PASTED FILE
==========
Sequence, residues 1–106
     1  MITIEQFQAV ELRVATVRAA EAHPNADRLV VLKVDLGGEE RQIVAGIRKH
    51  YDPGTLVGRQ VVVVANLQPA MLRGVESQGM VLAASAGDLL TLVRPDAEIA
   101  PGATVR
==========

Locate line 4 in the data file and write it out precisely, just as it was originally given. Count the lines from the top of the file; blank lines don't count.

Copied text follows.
   101  PGATVR